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Attleborough firm's bid for energy plant

PUBLISHED: 12:04 21 January 2008 | UPDATED: 14:23 14 July 2010

A Norfolk poultry firm is pressing ahead with plans for a multi-million pound renewable energy plant

fuelled entirely by chicken waste

that would be the first of its kind in the UK.

A Norfolk poultry firm is pressing ahead with plans for a multi-million pound renewable energy plant

fuelled entirely by chicken waste

that would be the first of its kind in the UK.

Attleborough-based Banham Poultry was granted consent in 2005 to build the development at its former processing site at Bunns Bank industrial estate on the edge of the town, despite local concerns.

The power plant, which will cost between £7m and £10m, will use the latest technology to turn feathers, heads, guts and other waste into electricity for the national grid. It has the backing of UEA's CRed carbon reduction campaign and approval from the Environment Agency.

Banham Poultry director Robin Goram, said the UK meat industry

is in decline and developing the power plant is an important step in safeguarding the future of the company's 750 employees, and other jobs it supports.

"We have spent the time since the application was granted in investigating the best supplier for the equipment and the most viable way to build it, and are hopeful of starting the development in the very near future. There are a lot of things that are undecided at the moment, and we are looking at doing it possibly in conjunction with a third party," he said.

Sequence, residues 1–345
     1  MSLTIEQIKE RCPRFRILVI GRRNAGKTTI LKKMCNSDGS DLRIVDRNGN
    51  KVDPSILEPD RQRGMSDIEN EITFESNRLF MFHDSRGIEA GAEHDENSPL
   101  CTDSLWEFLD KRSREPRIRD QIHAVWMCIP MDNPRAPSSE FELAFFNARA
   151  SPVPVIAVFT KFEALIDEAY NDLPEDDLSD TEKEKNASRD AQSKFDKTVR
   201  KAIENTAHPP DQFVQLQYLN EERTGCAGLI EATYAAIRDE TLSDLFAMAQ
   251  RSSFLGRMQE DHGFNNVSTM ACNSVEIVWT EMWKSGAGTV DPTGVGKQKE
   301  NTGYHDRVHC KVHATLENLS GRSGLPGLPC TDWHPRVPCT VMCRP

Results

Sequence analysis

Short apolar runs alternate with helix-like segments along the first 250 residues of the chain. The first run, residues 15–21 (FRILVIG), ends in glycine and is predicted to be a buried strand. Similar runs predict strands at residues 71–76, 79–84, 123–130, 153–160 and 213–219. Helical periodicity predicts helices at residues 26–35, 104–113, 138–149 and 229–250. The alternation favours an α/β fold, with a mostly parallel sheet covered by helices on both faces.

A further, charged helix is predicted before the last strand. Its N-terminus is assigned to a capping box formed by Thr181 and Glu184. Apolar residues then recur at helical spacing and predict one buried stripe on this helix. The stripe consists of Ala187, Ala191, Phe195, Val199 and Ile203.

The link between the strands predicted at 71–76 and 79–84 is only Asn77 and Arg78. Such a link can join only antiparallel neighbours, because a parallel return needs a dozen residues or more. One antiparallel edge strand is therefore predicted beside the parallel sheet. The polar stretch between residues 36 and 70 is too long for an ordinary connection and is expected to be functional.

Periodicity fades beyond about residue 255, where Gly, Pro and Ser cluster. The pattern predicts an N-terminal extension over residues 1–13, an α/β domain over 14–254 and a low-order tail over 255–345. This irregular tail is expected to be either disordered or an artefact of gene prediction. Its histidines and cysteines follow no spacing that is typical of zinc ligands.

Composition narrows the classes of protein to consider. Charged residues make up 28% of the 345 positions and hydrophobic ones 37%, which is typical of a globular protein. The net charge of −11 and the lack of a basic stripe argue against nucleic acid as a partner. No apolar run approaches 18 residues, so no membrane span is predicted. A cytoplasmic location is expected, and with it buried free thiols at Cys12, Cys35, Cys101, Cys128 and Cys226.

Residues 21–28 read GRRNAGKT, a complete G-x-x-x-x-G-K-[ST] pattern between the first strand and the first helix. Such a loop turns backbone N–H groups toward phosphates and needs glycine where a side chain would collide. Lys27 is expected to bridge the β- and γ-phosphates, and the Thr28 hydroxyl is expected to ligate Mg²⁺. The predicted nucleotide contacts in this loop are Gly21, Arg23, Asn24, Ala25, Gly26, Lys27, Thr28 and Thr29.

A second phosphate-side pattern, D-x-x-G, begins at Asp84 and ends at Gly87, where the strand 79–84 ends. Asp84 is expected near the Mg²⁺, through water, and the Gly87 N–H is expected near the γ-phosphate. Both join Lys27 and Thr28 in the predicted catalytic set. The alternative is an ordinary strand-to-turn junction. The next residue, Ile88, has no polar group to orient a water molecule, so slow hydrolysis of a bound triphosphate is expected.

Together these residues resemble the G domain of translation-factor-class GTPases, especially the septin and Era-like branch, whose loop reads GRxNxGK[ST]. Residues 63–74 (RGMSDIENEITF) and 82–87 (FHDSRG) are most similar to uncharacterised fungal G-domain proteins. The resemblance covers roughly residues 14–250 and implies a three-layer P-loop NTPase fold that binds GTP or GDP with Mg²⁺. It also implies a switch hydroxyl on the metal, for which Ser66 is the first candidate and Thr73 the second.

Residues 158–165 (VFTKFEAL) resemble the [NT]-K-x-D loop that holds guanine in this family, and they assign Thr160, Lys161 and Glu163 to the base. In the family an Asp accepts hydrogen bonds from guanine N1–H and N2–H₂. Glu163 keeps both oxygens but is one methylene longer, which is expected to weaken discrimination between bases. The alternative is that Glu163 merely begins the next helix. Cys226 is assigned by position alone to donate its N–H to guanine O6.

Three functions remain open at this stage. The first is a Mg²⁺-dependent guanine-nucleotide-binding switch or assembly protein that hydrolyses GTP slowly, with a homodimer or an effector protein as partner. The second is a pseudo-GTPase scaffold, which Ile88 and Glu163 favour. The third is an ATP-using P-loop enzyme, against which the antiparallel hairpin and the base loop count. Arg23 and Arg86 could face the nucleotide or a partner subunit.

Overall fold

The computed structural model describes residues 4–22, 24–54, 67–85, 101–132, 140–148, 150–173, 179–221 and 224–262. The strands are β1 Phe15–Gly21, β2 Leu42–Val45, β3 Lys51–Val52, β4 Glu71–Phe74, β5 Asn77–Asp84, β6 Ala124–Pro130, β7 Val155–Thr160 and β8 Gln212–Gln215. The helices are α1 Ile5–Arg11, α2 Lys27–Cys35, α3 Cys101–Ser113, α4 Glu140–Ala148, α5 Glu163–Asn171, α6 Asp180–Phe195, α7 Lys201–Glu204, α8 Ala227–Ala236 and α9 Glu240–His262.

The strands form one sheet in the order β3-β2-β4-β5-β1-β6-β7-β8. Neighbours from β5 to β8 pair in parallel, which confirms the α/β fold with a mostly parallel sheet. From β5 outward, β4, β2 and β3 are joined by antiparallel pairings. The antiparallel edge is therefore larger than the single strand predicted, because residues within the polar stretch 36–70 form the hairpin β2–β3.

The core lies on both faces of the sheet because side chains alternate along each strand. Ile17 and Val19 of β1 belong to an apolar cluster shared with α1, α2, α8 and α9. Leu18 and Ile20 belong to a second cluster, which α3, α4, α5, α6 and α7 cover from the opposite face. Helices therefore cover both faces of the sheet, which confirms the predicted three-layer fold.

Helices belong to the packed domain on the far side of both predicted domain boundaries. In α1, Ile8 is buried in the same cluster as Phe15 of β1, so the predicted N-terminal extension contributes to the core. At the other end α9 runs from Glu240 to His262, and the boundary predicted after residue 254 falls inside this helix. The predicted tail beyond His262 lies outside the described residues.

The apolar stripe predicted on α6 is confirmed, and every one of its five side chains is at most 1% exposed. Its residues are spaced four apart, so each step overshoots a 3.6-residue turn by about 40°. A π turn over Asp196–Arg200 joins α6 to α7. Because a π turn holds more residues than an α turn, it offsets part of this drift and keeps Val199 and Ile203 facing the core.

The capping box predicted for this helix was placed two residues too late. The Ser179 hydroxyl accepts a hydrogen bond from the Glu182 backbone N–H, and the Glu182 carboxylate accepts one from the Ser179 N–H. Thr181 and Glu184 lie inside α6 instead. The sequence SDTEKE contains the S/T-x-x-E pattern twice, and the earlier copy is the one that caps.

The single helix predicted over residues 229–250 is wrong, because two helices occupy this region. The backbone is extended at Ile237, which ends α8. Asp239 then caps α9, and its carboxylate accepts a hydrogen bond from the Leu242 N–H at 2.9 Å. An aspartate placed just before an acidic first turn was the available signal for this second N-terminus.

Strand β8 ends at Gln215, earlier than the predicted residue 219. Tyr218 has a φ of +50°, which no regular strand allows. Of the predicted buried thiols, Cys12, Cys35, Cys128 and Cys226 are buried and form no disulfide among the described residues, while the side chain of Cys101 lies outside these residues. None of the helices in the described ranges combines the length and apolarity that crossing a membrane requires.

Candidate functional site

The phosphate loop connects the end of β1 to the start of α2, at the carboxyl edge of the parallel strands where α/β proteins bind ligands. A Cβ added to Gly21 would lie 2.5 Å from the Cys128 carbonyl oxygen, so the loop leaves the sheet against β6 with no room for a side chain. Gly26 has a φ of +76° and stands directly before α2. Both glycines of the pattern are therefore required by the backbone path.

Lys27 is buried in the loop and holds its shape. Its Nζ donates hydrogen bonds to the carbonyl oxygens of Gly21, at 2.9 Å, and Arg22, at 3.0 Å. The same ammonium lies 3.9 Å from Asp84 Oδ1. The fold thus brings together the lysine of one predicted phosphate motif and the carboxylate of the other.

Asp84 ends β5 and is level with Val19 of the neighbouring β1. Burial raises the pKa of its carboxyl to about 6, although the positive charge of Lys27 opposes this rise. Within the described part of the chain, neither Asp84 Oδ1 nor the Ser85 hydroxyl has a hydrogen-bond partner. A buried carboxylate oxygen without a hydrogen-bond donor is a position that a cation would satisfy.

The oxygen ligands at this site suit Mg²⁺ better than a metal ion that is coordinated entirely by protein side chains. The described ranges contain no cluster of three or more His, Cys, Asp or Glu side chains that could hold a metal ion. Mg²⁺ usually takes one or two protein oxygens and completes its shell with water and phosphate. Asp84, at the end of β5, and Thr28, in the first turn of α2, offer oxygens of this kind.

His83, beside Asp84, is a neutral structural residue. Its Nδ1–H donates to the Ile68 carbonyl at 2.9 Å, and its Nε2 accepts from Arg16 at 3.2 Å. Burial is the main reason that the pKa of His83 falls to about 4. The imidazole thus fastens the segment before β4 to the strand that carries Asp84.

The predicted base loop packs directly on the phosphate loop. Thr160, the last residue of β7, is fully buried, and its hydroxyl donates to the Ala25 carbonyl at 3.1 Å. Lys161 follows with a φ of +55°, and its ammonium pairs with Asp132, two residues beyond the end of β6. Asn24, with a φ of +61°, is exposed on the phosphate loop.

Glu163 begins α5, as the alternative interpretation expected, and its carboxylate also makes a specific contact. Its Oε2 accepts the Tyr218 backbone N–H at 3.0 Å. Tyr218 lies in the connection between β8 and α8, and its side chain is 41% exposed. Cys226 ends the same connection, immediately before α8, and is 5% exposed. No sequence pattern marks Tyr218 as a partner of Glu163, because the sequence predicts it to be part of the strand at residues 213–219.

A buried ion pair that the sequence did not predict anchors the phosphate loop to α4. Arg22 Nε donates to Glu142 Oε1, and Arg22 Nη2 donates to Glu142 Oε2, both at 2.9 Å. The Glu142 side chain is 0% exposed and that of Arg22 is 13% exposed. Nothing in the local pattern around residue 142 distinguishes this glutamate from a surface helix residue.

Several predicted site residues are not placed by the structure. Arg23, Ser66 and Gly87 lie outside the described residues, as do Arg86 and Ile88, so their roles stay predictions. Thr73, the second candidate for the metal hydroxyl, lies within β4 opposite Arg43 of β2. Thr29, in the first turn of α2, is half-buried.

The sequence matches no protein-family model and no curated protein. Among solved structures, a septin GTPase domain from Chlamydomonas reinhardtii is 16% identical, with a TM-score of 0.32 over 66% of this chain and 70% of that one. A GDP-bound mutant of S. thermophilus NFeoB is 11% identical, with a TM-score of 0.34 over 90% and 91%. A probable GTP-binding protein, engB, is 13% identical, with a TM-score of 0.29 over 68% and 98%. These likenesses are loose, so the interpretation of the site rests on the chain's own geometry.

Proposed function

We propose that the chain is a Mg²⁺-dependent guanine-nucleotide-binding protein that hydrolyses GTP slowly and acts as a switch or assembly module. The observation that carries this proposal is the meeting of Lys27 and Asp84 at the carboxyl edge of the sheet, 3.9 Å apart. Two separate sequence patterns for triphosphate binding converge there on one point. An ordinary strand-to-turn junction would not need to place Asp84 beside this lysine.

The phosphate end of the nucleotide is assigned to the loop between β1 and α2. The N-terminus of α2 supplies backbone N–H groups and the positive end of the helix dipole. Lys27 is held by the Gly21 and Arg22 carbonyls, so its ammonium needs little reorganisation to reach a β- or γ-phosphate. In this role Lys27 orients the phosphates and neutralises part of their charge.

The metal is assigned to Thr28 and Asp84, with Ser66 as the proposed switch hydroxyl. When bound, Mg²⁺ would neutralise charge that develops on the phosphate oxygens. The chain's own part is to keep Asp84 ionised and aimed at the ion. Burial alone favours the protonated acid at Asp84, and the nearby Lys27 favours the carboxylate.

Mr Goram said the cost of disposing of waste is one of the issues for meat producers who are having a tough time at present, and Banham Poultry has looked at alternative ways of tackling the problem. It has invested £2.5m in a composting facility for poultry and green waste at Carleton Rode, near Attleborough, and is also building a new rendering plant at Great Witchingham, near Norwich, which is in the final stages of completion.

"The meat industry in the UK is in decline and unless we do something to safeguard it we will be a country of non-producers," Mr Goram stressed. "Other companies have gone out of businesses like Tulip (at Thetford) and Manor Farm Ducks, which closed last year at Ickburgh. You have got Grampian making 300 redundant (in Attleborough), and Bernard Matthews is also making redundancies."

The Great Witchingham scheme has sparked huge controversy, with 150 protesters donning dust marks to demonstrate against potential smells from the new rendering plant which they claim will blight the area.

A county council spokesman said: "Permission on the detail of the application hasn't yet been given. It will be brought to committee in due course."

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